Professional Banker Described as “Door Opener” for Private Banking Clients and Alleged Co-Conspirators
As we have blogged, the United States Attorney’s Office for the Southern District of Florida is pursuing charges against eight individuals for allegedly conspiring to launder $1.2 billion embezzled from a Venezuelan state-owned oil company and other unlawfully-derived funds. On August 22, 2018, Matthias Krull, the first of those co-defendants, pled guilty for his role in the charged conspiracy. Krull, a German national and former high-ranking executive at Swiss bank Julius Baer who was based in Panama at the time of the alleged scheme, faces up to 10 years in prison according to the terms of the Plea Agreement but, due to his potential cooperation with authorities as reflected by paragraphs 10 to 12 of the Plea Agreement, may serve less. The conduct of Krull illustrates the potentially key role of professionals in elaborate money laundering schemes.
While the original July 24, 2018 criminal complaint alleged that the eight defendants conspired to commit money laundering under 18 U.S.C. § 1956(h) and (a)(2) and engaged in interstate and foreign travel in aid of racketeering under 18 U.S.C. § 1952, Krull ultimately was charged on August 16, 2018 in an Information with a single count for conspiracy to commit money laundering, in violation of Section 1956(h) and 18 U.S.C. § 1957, the “spending” money laundering statute. The fact that the conspiracy charge incorporates a Section 1957 violation means that Krull’s statutory maximum sentence is 10 years, as opposed to 5 years for a more general criminal conspiracy charge under 18 U.S.C. § 371, or 20 years for a substantive money laundering charge under Section 1956.
As described in our prior post, the over-arching scheme involved the defendants allegedly setting-up a sham lending arrangement between a Hong Kong shell company and the Venezuelan oil company, whereby the shell company would, through a series of transactions, secure the right to receive approximately 510 million Euros for retiring a 35 million Euro loan to the oil company. The transactions effecting the embezzlement were overseen and approved by unidentified Venezuelan officials who allegedly received kickbacks in exchange for their support. Those proceeds were then laundered through numerous international financial transactions, including fraudulent investment schemes and American real estate investment.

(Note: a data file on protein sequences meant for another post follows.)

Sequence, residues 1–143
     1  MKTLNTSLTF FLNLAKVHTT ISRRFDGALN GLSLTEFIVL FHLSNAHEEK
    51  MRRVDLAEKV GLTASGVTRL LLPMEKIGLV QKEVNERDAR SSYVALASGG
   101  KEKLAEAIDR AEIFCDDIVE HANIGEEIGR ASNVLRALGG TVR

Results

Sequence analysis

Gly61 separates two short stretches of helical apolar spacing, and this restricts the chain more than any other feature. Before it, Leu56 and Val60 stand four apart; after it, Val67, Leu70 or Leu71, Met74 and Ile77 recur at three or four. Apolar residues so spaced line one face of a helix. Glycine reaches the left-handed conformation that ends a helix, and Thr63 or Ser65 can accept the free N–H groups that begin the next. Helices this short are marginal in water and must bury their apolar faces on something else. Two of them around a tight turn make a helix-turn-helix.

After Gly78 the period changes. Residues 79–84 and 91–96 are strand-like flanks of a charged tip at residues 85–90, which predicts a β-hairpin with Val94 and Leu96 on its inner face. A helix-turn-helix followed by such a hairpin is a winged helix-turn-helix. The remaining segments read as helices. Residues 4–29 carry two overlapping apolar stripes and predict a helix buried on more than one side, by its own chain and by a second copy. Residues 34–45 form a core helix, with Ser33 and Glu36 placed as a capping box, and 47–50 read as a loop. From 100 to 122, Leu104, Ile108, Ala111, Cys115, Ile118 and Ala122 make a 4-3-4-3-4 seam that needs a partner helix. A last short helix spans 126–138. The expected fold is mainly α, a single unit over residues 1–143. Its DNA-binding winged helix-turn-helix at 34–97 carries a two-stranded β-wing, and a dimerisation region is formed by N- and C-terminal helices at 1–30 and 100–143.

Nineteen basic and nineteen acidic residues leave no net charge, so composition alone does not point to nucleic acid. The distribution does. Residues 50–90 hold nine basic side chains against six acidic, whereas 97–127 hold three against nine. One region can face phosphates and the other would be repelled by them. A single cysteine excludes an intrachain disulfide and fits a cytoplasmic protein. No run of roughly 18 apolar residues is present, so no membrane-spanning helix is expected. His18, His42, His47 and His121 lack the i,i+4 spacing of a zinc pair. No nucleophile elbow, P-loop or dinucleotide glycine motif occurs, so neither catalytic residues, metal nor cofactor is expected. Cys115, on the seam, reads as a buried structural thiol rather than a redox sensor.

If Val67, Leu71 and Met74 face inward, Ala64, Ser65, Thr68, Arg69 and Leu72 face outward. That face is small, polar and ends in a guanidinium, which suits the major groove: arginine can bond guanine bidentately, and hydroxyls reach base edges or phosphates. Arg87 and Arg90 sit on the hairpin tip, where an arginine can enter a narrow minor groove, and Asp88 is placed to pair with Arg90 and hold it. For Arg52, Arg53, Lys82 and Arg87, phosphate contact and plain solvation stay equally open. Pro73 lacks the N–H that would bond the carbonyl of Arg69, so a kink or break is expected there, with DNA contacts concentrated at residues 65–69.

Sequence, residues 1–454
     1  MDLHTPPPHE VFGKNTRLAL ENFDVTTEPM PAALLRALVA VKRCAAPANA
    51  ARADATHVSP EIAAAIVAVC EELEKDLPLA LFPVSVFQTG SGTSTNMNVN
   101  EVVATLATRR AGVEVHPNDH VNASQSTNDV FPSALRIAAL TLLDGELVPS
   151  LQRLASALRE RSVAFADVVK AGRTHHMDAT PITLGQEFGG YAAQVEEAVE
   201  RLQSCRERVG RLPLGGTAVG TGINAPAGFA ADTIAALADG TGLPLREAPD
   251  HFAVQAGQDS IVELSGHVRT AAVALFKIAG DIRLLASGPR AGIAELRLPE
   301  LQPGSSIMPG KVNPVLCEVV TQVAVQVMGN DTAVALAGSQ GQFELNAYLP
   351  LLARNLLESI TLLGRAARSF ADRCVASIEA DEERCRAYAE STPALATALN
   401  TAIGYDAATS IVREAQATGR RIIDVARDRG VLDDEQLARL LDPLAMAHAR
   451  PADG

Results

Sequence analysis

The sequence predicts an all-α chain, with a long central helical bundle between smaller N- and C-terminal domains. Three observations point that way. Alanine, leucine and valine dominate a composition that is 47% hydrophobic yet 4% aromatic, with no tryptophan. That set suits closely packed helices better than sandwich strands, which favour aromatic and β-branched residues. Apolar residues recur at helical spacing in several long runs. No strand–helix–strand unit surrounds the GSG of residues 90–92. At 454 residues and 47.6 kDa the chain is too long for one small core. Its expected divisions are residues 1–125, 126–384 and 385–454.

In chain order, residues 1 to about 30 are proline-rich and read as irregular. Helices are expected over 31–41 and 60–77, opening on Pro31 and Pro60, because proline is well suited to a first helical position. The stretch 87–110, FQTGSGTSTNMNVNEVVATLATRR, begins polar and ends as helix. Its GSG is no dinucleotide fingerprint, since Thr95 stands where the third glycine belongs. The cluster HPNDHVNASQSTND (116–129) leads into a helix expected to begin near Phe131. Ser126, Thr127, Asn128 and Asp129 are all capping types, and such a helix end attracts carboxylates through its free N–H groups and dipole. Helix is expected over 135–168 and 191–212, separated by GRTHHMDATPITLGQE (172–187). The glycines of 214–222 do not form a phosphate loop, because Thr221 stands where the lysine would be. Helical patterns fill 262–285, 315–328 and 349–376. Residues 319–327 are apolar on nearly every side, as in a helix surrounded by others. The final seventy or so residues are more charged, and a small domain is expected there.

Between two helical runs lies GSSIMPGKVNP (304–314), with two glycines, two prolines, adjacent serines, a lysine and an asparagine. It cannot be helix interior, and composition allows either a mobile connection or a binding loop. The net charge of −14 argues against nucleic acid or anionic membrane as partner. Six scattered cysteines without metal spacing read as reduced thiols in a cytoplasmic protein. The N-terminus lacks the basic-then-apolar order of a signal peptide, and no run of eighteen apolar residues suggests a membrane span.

Along with the Plea Agreement, the government filed a Factual Proffer that sets forth the factual basis for Krull’s plea. Julius Baer employed Krull as a Managing Director and Vice Chairman whose primary role was attracting private banking clients to the bank, particularly from Venezuela. Referred to in the Factual Proffer as a “door opener” for these clients, Krull maintained banking relationships with several of the other co-conspirators for several years prior to the events giving rise to this case.
In 2016, a co-conspirator engaged Krull to manage the laundering of his share of the oil company embezzlement proceeds – approximately $260 million. Part of the scheme involved routing approximately $184 million of that tranche of cash to “Los Chamos” – described in the Factual Proffer as “the stepsons of Venezuelan Official 2″ and identified elsewhere as the stepsons of Venezuelan President Nicolas Maduro. To facilitate the laundering, Krull relied on various forged and falsified documents intended to give the impression the funds were from legitimate sources. He then engaged with other American and Venezuelan co-conspirators to funnel those proceeds through American real estate ventures and a shell investment fund, which made deposits into an unidentified American banking institution.
In the wake of Krull’s arrest and guilty plea, Julius Baer reportedly has launched an internal investigation into these events.